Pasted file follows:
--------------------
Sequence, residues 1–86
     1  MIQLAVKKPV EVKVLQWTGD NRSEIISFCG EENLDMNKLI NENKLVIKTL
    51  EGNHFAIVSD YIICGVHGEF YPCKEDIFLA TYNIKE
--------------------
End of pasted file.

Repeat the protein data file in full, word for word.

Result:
Sequence, residues 1–86
     1  MIQLAVKKPV EVKVLQWTGD NRSEIISFCG EENLDMNKLI NENKLVIKTL
    51  EGNHFAIVSD YIICGVHGEF YPCKEDIFLA TYNIKE